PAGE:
As Jalopnik’s resident car buying expert and professional car shopper, I get emails. Lots of emails. I’ve decided to pick a few questions and try to help out. This week we are talking about deals on discontinued models, heated steering wheels, and dumping a lot of cash into an older car or getting a new one.
First up, how long will the deals last on a discontinued car?
I’m probably going to be in the market to buy a new car in the next year or so. One of the cars that was on my short list to test drive when the time comes was the Buick TourX wagon. I was sad to see that Buick is going to be killing off that model next year. I was wondering if you have found any dramatic price variations in models like this that are about to be discontinued? I know there have been some pretty good discounts on the wagon now but wasn’t sure if those would dry up as we get closer to the end of next year. My other question is whether it’s riskier from a maintenance perspective to buy a car that is about to be discontinued?
It’s a shame that the TourX will no longer be sold here, it was a good wagon that I think maybe six people, including our own Bradley Brownell, bought one.
Naturally, the question that everyone asks is “now that they are killing it how much cheaper will it get?” The answer is not much cheaper or at all. These things have had fire-sale prices for some time with up to $9,000 off the MSRP possible in some cases. Keep in mind the markup on this car is around $1,500, so any additional significant discount has to come from the factory, and GM isn’t going to be tossing money at these things forever. There will come a time when the rebates dry up and dealers won’t be able to go as deep. When that will happen, I’m not sure. I know that now is a good time to score a deal and I suspect the discounts will carry over into quarter one of 2020, but how much further beyond that is unclear. So if you are hot to get a Buick wagon you should act sooner than later.
As for the maintenance question, the TourX shares a lot of components with other GM models so service and parts should not be too much of an issue in the long term, but if your body panels get damaged it may be a challenge to find those.
Next, what’s the best way to find a car with a heated wheel?
Spouse has lupus, Reynaud’s syndrome and Dupuytren’s contracture. Which means her hands are a mess, she cannot tolerate cold well and driving is a chore in the winter even with gloves.
She has a 2015 Subaru Outback Limited. She is looking for a new car and the one single make it or break it item is a heated steering wheel. If the car doesn’t have one, it will not get bought. She’s open to anything with a heated steering wheel that’s not a full SUV or minivan (She’s 66, Outback sized or a bit smaller is her sweet spot.)
I’ve found that it seems well nigh impossible to figure out reliably what cars offer it and in what trim level. For example, Subaru offers it but only at the Outback and Ascent Limited or Touring trim levels, and the Crosstrek Hybrid. Took a bit of time to figure that out. Looking across every manufacturer and model and trim just seems daunting.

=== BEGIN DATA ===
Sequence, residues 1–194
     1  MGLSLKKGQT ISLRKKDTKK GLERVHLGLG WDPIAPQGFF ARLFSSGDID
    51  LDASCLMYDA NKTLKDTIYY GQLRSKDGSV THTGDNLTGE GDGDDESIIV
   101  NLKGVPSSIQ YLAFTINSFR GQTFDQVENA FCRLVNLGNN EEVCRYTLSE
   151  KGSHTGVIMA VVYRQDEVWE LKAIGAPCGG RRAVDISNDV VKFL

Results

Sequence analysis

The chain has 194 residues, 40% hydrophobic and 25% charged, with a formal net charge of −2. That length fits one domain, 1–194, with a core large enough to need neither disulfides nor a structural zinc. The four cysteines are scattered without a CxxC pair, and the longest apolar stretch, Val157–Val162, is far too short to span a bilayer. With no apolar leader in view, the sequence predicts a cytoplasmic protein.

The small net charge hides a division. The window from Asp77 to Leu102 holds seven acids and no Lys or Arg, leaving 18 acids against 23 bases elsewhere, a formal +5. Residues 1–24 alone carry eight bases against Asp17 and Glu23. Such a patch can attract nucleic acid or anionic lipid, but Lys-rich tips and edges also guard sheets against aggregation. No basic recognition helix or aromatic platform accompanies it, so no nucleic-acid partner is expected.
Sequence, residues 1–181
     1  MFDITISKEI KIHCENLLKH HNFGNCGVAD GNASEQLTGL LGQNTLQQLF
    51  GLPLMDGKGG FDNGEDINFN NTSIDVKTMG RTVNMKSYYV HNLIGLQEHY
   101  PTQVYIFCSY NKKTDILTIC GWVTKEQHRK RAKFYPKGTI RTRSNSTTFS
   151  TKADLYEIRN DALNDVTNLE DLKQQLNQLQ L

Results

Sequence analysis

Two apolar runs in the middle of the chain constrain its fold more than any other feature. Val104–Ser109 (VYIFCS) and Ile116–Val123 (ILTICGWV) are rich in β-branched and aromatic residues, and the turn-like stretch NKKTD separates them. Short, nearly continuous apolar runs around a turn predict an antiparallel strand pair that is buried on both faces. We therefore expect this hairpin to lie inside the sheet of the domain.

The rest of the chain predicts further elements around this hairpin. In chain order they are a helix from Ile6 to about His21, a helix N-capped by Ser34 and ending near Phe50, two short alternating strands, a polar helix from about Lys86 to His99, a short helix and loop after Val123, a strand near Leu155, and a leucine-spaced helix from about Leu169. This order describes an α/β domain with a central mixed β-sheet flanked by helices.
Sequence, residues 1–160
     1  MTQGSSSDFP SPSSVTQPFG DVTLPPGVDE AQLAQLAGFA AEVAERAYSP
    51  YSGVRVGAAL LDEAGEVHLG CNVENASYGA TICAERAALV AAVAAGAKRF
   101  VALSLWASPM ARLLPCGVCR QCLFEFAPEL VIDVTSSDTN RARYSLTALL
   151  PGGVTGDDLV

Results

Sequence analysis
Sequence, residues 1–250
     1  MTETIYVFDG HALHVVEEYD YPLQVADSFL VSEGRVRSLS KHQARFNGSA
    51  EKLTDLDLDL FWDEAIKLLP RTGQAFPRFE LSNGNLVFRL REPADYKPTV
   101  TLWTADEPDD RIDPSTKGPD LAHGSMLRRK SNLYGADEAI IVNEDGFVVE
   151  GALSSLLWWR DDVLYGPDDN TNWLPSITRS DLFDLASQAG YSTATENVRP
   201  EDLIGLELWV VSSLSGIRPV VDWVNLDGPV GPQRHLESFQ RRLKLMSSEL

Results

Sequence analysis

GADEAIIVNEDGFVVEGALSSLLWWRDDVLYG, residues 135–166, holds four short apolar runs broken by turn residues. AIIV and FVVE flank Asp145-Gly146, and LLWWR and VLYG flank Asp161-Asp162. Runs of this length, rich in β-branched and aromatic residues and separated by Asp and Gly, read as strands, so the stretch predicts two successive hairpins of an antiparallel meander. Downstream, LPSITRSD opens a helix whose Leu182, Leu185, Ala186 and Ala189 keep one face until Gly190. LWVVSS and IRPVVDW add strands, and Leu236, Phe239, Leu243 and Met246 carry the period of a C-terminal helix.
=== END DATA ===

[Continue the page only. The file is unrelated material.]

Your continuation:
I’m looking for any advice that would keep me from having to go to every car manufacturer web site and drill down each model and trim looking for the option in the options list. Would calling each get accurate information? Dealers so far have been sketchy on this specific item.
I’m sorry to hear about your spouse’s condition, I can imagine that makes it difficult for her to get around. First of all, don’t call dealers, as I have encountered far too many salespeople that don’t know the details of their product or worse will tell you something has a certain feature and it doesn’t just to get you into the showroom.
Usually, heated wheels are relegated to the top trims on some cars and on other cars not available at all. What you need to do is start with a budget and see which cars fall within that price range, and from there which of those models have the heated wheel using the various brand configurators.
However, there may be a lower cost and more convenient option for you. Apparently, you can buy a heated steering wheel cover, like this one for about $20. While it’s not going to have the same look as a factory wheel, that’s a cheap and easy way for your spouse to drive with warm hands.
Lastly, is it better to dump a lot of money into an older car to get it the way you want it, or just buy a newer car?
I have an 06 F150 with a touch over 100k miles on it and it runs perfectly. My complaints are that it is a bit underpowered(though I don’t tow anything) and gets pretty bad MPG relative to new trucks. I also would really like to have power windows and locks, and maybe a rearview camera. Finally, the upholstery in pretty gnarly and I would replace that too.
As best at I can surmise, it would take about $8k to get the truck the way that I would like it before motor upgrades. About $15k would get it as close as possible to the new truck that I am looking at, minus of course safety features and warranty.So the question is this:
Upgrade a 2006 F150 STX 4.6L V8 4WD for $15k,
Put $15k towards a 2019/20 F150 XLT 2.7L V6 4WD?
Unless you are extraordinarily attached to that old truck, I would not recommend dumping $15,000 into a 2006 F-150. Spending a few grand to get stock parts in good working condition makes sense, but $15,000 seems like a lot of money on something that really isn’t worth much. So I would say, live with your current ride as-is, but fix what needs fixing or take the cash and use it towards a new ride.
Got a car buying conundrum that you need some assistance with? Email me at firstname.lastname@example.org!